INTERVJU: Rob Caggiano i Volbeat

Idag, den 2:a augusti, har Volbeats senaste skapelse, “Rewind, replay, rebound” släppts världen över och vi pratade nyligen med gitarristen Rob Caggiano. Det blev ett samtal om bl a nya plattan och några specifika låtar, studioarbete med Bruce Springsteen, Jesse Malin och Brian Johnson och uppväxten i Bronx och hans insatser i skolan:

“I was a terrible student. School wasn´t really my thing. It´s a required thing obviously, but I´d say I was a terrible student. All I wanted to do was music, really.”


Now that you´ve worked with a bunch of Danes for a couple of years, are there any differences that you´ve picked up on when it comes to Scandinavians compared to Americans?

Obviously there´s cultural differences, but other than that… that´s really it. I´ve been travelling and touring the world for a long time and I have friends all over the place, so I´m used to that. As far as the music goes, we´re all playing the same notes and it doesn´t matter where we grew up.

What are the major cultural differences then?

It´s hard to sum that up quickly. I guess I´m used to a ceratin excitement, being from New York and being in Denmark is really laid back. The people are really laid back. It´s cool. It´s just a different speed.

Have you been to Christiania (Freetown in Copenhagen)?

Yes, I´ve been there many times. (laughs) It´s cool. I don´t smoke weed or anything, so I can´t really take advantage of it. They have some really cool shows there sometimes.

What are your memories of playing at a sold out Telia Parken (2017), which was the biggest show in Denmark with 48000 people?

The excitement and the anticipation was really high level. Obviously, it was a home town show for those guys, so it was very hectic. A lot of family and a lot of friends backstage. It was crazy, a crazy night. We had a blast and the show went really well and getting to play with Lars (Ulrich) was pretty amazing too. A really big highlight for all of us.

Bildresultat för volbeat rewind replay

Tell me about the new album ”Rewind, replay, rebound” How long were you working on it and so on?

We worked on it for quite a few months actually. We spent a lot of time in the rehearsal studio just working on the ideas and the songs and really trying to figure out what arrangements would work and tempos and this and that. We did a bunch of demos too for the songs, which I always think is a good idea before going into the studio. We mapped out like six or seven songs demo wise and it was a really good thing to sit back and listen to to kind of confirm what songs were cool.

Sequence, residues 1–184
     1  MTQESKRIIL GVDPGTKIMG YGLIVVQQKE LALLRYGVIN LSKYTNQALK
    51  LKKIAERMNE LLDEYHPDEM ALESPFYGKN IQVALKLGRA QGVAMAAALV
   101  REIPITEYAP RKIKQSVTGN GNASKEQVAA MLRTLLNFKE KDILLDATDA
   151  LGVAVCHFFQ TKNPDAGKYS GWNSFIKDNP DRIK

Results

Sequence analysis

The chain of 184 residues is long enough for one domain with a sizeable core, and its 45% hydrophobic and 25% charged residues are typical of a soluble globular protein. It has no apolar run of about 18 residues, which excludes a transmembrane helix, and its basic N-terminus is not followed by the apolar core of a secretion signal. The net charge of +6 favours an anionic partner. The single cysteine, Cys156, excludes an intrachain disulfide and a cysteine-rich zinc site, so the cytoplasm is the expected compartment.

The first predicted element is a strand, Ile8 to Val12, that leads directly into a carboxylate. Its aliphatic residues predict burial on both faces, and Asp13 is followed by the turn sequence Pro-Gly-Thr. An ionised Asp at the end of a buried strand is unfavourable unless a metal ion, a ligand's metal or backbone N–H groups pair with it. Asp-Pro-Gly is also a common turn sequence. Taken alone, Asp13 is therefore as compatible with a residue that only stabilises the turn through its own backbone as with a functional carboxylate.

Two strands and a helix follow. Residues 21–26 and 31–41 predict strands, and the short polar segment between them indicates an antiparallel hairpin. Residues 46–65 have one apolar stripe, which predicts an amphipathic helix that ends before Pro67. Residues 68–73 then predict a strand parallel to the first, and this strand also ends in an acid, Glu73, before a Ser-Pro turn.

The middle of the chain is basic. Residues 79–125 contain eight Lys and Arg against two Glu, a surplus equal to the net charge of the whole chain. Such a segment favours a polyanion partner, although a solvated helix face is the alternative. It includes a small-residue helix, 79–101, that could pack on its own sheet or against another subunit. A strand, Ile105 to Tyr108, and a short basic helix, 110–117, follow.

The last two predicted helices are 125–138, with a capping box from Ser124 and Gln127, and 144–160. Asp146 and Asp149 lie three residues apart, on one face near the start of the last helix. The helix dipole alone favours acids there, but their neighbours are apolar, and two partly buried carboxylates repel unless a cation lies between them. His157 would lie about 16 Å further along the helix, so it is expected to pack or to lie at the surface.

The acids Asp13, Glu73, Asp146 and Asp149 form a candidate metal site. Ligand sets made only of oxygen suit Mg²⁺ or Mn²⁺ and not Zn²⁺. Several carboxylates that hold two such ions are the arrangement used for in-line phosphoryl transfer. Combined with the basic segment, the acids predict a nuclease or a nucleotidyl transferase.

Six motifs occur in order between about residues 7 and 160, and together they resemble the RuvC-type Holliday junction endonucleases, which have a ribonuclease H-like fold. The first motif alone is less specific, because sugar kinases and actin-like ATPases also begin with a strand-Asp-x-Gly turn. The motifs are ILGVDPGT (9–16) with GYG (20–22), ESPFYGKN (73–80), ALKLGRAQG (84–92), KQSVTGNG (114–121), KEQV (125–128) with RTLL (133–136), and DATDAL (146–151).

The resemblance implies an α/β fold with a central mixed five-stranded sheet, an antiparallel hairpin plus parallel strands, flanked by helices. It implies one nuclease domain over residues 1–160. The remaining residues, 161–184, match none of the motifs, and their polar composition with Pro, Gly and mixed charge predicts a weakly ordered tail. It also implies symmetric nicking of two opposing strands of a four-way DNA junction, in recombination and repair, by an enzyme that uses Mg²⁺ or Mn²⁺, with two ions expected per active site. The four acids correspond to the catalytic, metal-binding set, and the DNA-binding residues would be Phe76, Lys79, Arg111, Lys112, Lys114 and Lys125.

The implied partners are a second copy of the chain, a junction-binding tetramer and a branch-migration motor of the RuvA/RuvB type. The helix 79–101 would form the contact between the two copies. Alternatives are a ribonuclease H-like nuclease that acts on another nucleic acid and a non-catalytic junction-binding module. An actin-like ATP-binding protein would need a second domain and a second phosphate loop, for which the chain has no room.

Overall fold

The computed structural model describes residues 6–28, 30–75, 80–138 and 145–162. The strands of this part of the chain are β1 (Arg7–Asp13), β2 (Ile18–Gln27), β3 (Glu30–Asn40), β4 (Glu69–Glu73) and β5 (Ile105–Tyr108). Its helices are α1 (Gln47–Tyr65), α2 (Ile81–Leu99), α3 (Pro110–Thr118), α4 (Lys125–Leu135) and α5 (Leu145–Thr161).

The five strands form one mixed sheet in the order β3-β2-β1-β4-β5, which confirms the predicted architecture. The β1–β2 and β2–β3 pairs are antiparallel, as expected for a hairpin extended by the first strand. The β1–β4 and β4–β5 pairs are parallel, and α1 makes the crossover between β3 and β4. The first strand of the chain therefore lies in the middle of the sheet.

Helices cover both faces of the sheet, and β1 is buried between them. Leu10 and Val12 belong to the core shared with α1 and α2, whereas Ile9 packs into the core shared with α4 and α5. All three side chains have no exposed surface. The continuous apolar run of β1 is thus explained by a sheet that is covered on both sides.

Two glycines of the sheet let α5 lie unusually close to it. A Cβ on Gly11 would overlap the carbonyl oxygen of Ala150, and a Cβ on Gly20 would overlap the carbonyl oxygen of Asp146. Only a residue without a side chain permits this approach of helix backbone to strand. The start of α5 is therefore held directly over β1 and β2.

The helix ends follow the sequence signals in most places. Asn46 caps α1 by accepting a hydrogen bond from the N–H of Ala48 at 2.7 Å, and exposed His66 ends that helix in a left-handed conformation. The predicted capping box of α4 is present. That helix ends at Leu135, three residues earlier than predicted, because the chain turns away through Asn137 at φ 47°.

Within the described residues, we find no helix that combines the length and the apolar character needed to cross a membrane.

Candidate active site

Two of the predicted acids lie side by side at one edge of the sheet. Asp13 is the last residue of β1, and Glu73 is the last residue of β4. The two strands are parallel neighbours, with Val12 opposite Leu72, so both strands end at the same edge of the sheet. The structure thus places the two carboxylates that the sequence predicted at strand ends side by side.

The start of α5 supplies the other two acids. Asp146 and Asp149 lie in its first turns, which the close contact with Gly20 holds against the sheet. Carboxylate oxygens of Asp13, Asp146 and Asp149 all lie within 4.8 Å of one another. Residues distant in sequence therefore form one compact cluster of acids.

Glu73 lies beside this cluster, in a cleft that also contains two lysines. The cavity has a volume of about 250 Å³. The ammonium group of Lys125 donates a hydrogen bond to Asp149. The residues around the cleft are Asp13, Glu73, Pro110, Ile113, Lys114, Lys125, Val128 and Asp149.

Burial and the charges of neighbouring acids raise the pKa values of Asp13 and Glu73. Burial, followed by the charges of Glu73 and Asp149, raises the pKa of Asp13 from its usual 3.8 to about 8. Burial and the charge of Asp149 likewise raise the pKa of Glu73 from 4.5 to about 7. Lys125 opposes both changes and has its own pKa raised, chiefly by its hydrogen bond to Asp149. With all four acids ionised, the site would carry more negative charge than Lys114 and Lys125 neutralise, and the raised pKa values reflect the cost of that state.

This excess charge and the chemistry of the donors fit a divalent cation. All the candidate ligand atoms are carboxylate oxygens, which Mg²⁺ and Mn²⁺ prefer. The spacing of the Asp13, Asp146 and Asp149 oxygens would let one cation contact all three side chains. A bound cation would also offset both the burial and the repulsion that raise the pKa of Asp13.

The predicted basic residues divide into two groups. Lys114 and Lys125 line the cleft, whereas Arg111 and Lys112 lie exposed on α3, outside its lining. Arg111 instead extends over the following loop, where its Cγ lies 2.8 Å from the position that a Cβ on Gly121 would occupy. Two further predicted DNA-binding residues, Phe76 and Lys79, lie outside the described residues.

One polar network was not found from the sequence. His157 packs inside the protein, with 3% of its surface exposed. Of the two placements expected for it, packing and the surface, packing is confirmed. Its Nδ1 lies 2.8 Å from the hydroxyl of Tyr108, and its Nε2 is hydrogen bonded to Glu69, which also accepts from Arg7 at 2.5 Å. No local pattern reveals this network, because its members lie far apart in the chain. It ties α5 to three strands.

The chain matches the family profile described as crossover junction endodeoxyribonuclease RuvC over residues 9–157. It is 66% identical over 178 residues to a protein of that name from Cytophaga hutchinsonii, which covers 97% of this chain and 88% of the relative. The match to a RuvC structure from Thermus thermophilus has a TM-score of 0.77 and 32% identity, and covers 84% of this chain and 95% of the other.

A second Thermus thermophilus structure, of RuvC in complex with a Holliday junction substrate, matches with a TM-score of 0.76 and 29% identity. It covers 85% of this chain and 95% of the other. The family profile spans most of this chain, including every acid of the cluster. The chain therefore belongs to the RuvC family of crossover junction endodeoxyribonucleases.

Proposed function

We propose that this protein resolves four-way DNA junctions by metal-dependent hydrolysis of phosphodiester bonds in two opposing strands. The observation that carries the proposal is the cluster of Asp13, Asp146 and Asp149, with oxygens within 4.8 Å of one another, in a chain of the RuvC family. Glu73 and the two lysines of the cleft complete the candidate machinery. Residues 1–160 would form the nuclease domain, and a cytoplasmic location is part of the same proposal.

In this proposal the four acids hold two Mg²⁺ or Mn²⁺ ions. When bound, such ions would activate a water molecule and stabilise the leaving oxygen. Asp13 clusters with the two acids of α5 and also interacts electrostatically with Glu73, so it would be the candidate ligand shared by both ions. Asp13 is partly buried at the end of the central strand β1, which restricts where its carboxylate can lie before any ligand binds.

How would you compare this album to the other two you´ve worked on?

This is a more diverse record. There´s a wide range of different stuff. There´s extremely melodic and catchy stuff, there´s the heavy stuff, there´s the old school stuff that kind of harkens back to the 60´s. I think there´s something for everybody really.

What´s it like working with Michael (Poulsen) and how do you two usually work together?

We actually work really well together. We bounce ideas off each other really well and that was kind of apparent when we first sat down together a few years ago, before the ”Outlaw gentlemen & shady ladies” record. We just seem to be on the same page musically and it´s working.

I picked three songs from the album that I thought we could talk about. The first one is ”Last day under the sun”, which has a bit of a pop feeling to it.

We´ve played it live twice now, but it went really well. We can´t wait to start playing that one for real. That song came about… I think a lot of that was actually done jamming in the rehearsal room. The opening riff and the verses, we kind of wanted to do something that kind of… you know, I´m very inspired by The Rolling Stones and their song ”Start me up”, those chords were definitely an inspiration for this riff. I kind of wanted to do like a classic rock and roll song basically. When we sped the tempo up a little bit it just had a certain feeling. I wouldn´t say poppy, but I can understand why you would say that.

Second song I picked is ”Parasite”

It´s one of the earlier ones. We actually started playing that song about a year ago. That´s just something that happened real quick when we were on tour. Michael had the idea and we just hashed it out and that was it.